Sunday, April 21, 2013

Sunday Feature: Robert McQueen on directing Falsettos

The Bright, Dark Chaos of Family
by Robert McQueen

For Acting Up Stage Company Robert McQueen has directed Caroline, or Change and The Light in the Piazza. His other recent work includes productions of Capriccio for Pacific Opera Victoria, The Magic Flute for Vancouver Opera and La Bohème for the Canadian Opera Company. Internationally Mr. McQueen directed Carousel at the Galaxy Theatre, Tokyo and the world premiere of Where Elephants Weep in Phnom Penh, Cambodia. He has worked in the development of new musicals and operas in Canada, the US and internationally for companies including COC, Vancouver Opera, The O’Neill Centre and Cambodian Living Arts, in Phnom Penh.  Most recently Mr. McQueen directed a workshop of Leslie Uyeda and Rachel Rose’s new opera When the Sun Comes Out, which will have it’s premiere production next summer as part of the Queer Arts Festival in Vancouver. 

Mitchell Marcus’s invitation to join Acting Up Stage to create a production of William Finn’s musical Falsettos has been a gift. Composed of March of the Falsettos (1981) and Falsettoland (1990), Falsettos tells the story of a man who leaves his wife and son for his male lover against the backdrop of the very chaotic social and political climate that was 1980s New York City.  The special permission granted by Finn himself to revert to the original versions of these one acts, rather than the combined product which appeared on Broadway in 1992, has proven to be an infinite source of inspiration, as we have been able to craft our own piece which mines the way an original audience would have felt upon first seeing these one-acts in 1981 and 1990. 

It was one of the first musicals to seriously examine the consequences of a family coming apart when the Father comes out.

I was studying theatre in New York City when March of the Falsettos premiered at Playwrights Horizon and I can still clearly remember its impact. At that time, Off-Broadway was a vibrant and more risky alternative to the commercial theatre, and the musical theatre community embraced this innovative and heartfelt piece. At its heart, March of the Falsettos is about a man, Marvin, whose world spins out of control after he decides to leave his wife, Trina, and their son, Jason, for his lover, Whizzer.  March of the Falsettos was one of the first musicals to seriously examine the consequences of a family coming apart when the Father comes out.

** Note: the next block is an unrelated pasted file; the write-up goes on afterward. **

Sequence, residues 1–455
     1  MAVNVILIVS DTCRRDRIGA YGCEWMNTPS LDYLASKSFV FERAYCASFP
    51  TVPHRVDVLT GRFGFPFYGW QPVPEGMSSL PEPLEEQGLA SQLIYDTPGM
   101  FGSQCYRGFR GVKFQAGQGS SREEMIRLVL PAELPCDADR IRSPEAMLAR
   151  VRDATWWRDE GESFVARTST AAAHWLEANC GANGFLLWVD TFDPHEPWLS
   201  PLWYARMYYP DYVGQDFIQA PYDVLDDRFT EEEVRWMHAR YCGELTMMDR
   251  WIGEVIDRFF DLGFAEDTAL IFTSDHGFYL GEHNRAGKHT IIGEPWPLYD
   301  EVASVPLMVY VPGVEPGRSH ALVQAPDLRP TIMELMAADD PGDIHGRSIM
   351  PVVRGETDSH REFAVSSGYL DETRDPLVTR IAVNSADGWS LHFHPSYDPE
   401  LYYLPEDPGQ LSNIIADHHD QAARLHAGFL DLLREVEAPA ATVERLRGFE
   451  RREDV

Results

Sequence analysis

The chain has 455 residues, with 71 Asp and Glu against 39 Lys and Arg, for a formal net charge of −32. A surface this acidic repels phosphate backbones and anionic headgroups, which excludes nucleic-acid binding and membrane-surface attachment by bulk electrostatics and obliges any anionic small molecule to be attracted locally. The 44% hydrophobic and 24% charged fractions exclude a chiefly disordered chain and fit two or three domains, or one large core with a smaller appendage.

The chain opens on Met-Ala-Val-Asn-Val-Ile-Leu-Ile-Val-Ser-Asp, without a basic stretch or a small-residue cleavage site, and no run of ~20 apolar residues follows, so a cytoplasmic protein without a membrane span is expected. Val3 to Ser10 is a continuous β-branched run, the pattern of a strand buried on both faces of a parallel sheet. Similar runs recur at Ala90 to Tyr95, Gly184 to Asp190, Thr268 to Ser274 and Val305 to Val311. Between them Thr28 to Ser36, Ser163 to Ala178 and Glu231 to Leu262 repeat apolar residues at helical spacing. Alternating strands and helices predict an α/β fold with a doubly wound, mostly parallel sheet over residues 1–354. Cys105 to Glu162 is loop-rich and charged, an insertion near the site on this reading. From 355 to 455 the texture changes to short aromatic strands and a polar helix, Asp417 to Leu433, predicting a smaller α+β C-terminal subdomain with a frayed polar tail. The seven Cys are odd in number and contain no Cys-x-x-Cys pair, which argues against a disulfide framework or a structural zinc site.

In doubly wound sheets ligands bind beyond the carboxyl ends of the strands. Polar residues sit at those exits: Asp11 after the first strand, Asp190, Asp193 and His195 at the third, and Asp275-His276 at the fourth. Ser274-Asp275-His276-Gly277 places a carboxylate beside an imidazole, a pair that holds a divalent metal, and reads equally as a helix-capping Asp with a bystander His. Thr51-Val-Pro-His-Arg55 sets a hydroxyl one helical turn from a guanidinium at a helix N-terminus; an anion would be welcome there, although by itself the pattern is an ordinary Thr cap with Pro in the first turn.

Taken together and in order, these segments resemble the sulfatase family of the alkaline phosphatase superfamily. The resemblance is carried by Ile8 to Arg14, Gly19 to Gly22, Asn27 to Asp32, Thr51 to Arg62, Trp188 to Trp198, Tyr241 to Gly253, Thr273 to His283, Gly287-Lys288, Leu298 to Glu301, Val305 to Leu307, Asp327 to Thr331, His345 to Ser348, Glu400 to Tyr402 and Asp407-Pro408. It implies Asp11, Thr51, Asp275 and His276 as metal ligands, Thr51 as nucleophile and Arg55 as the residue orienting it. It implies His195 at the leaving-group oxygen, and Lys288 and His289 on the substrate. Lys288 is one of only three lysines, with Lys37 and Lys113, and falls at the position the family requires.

Set in Manhattan in 1979, the characters in March of the Falsettos are not yet touched by the mysterious and undefined illness that had already begun its rampage when the piece premiered in 1981. However, it was not until 1990 when the sequel, Falsettoland, set in 1981, hit Playwrights Horizon; and, with it, that the illness, still unnamed in the piece, suddenly took on a central and definitive role in the narrative of the character’s lives.

Having been in New York at the height of the epidemic, this chaos surrounding the mysterious illness (which, of course, we now know to be AIDS) is captured perfectly in the second act of what is now Falsettos. Unfortunately, I remember starting to lose friends – fairly immediately – and what is clearest in my memory is the confusion around what was going on. I was not, and I still am not, an overtly political person: so, I wasn’t involved in Act Up, but I was so deeply involved with my friends who were dying. I can still feel the shock associated with that time. I had one classmate who came to New York, who got sick, and who claimed to have only ever slept with one man. It’s the bizarre randomness of the illness and the way it would strike which still haunts me – and remains one of the primary reasons why these stories, and this piece in particular, continues to remain an important, beating heart for an audience to feel and reflect upon.